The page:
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3 The Loss of Students from STEM Majors
Pages 19-22

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From page 19...
... • he culture of STEM education and potential earnings in the workplace ap T pear to be significant factors in students' decisions to remain in or abandon STEM majors. Students who intend to work as scientists, technicians, engineers, or mathematicians typically choose to major in a STEM field in college.
From page 20...
... students pursuing STEM majors in two-year and four-year institutions: 1. At the end of secondary school, few are prepared to enter STEM fields.
From page 21...
... The students who left STEM were just as likely to pass their initial STEM courses, so the difficulty of the courses did not seem to be the deciding factor. But the course demands of STEM majors are high and require commitment -- even though, as Bettinger observed, some of the majors to which students switch, such as education, also have extensive course requirements, even if they are not as sequential as those for STEM majors.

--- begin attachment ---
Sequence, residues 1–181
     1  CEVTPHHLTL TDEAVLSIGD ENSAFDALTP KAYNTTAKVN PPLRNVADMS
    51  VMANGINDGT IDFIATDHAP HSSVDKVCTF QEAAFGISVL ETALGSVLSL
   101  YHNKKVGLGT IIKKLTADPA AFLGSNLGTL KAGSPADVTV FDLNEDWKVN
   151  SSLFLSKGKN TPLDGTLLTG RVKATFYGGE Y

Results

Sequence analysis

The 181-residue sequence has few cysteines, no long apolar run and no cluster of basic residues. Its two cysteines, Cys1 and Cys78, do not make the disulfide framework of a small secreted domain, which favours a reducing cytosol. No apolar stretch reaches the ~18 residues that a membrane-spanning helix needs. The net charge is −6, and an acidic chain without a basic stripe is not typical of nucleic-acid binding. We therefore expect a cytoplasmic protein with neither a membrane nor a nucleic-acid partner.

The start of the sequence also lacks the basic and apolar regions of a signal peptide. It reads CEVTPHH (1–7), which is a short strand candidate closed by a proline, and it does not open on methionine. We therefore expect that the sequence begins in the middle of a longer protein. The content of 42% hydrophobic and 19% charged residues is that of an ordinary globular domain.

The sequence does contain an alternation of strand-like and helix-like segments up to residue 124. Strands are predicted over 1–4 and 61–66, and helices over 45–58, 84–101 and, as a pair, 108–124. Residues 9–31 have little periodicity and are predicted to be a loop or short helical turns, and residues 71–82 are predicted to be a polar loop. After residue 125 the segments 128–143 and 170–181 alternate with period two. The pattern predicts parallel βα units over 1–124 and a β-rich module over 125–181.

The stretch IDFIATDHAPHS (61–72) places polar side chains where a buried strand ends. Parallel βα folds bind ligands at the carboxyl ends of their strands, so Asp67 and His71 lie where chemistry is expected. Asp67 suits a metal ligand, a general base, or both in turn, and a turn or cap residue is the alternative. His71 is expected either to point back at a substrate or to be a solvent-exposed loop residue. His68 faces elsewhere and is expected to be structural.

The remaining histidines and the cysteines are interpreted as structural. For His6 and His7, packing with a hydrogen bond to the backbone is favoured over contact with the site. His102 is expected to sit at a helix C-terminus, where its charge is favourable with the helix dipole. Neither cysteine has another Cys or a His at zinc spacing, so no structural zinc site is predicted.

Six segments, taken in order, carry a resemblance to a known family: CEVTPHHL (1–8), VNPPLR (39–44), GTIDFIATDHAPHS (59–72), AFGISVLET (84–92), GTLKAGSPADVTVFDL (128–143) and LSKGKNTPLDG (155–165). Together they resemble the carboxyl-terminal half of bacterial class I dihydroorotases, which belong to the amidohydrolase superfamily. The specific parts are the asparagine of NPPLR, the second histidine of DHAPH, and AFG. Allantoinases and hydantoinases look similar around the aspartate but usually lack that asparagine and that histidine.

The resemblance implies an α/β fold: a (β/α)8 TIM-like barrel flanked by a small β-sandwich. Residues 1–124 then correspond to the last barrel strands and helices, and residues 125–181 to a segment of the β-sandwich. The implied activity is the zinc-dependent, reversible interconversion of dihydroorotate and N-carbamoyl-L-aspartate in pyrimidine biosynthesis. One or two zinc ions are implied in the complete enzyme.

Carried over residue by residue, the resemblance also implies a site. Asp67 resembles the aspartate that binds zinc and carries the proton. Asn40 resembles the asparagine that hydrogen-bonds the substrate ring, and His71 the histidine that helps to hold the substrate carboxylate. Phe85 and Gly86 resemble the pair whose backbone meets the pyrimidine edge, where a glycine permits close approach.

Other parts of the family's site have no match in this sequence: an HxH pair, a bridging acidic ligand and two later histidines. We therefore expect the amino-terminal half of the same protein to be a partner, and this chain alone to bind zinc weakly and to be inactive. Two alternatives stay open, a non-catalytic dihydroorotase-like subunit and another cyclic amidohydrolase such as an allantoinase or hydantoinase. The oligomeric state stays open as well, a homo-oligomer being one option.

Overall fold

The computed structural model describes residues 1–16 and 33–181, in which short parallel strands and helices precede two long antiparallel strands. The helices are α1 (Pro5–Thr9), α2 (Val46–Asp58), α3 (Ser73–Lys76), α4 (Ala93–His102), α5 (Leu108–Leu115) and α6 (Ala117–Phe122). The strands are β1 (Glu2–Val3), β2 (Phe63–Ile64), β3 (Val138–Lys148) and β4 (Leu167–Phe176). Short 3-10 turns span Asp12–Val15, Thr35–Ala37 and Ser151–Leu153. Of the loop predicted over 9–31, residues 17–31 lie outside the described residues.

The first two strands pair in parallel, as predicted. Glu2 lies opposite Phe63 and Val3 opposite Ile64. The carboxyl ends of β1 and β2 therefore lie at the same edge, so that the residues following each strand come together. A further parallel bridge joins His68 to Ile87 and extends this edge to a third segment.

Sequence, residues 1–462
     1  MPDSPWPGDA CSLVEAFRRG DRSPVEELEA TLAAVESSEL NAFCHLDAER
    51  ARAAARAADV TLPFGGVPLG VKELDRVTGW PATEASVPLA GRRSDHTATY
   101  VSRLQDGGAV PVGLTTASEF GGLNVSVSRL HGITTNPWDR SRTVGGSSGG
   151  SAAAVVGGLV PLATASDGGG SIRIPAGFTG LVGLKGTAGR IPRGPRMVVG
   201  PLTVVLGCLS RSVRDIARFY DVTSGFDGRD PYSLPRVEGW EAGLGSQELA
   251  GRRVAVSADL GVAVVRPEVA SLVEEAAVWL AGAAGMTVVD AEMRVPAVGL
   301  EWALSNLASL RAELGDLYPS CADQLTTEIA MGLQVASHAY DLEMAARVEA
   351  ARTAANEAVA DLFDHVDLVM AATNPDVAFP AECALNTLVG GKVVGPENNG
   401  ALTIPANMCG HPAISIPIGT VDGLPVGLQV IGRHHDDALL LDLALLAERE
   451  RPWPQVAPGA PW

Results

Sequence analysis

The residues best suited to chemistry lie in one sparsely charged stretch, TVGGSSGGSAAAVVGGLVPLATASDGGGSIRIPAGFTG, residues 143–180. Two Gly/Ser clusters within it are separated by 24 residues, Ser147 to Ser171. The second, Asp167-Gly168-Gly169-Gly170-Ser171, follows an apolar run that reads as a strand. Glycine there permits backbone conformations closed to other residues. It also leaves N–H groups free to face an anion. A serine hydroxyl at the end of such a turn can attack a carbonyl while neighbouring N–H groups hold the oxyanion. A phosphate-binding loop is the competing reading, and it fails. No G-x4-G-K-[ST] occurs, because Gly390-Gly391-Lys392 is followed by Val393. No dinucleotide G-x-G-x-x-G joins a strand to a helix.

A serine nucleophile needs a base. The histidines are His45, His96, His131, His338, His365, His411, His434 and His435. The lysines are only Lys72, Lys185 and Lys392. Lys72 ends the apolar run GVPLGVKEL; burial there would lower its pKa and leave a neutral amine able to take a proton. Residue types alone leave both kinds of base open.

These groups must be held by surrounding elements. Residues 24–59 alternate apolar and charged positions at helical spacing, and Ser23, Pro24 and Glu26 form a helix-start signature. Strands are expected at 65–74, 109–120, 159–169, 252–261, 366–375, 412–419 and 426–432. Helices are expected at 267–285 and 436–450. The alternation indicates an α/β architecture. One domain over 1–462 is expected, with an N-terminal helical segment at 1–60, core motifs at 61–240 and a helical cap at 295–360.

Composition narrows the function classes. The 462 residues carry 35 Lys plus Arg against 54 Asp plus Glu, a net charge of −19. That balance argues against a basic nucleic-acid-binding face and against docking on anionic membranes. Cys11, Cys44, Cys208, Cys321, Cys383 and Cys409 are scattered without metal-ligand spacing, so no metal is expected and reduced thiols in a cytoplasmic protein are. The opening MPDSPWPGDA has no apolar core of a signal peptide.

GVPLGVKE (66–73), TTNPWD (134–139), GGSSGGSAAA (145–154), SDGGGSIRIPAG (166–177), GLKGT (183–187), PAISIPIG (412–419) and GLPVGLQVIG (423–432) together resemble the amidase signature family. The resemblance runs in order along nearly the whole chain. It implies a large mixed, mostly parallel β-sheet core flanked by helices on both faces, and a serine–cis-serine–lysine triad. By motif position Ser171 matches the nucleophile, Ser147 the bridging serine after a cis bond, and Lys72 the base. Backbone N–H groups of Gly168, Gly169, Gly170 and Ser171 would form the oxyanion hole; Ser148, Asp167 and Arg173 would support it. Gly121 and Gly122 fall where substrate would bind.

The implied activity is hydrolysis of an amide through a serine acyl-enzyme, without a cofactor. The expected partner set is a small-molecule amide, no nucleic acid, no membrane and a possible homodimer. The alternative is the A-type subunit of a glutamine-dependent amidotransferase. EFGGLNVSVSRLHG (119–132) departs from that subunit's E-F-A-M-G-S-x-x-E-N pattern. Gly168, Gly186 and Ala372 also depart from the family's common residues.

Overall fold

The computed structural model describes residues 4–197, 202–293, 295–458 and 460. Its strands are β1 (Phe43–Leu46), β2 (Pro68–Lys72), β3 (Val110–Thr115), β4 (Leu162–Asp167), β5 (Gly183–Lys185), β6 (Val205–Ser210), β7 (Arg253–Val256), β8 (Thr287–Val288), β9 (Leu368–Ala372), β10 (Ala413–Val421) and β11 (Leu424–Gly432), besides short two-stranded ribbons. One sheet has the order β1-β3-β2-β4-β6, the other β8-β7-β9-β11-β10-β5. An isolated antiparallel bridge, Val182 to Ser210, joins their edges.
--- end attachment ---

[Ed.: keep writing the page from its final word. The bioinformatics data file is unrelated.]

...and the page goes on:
From page 22...
... DISCUSSION During one of the discussion periods at the summit, Catherine Didion from the National Academy of Engineering pointed out that underrepresented students and women are interested in giving back to their communities but often do not see STEM fields as occupations that enable them to do so. Additional investigations could indicate why so many of these students switch into non-STEM fields.

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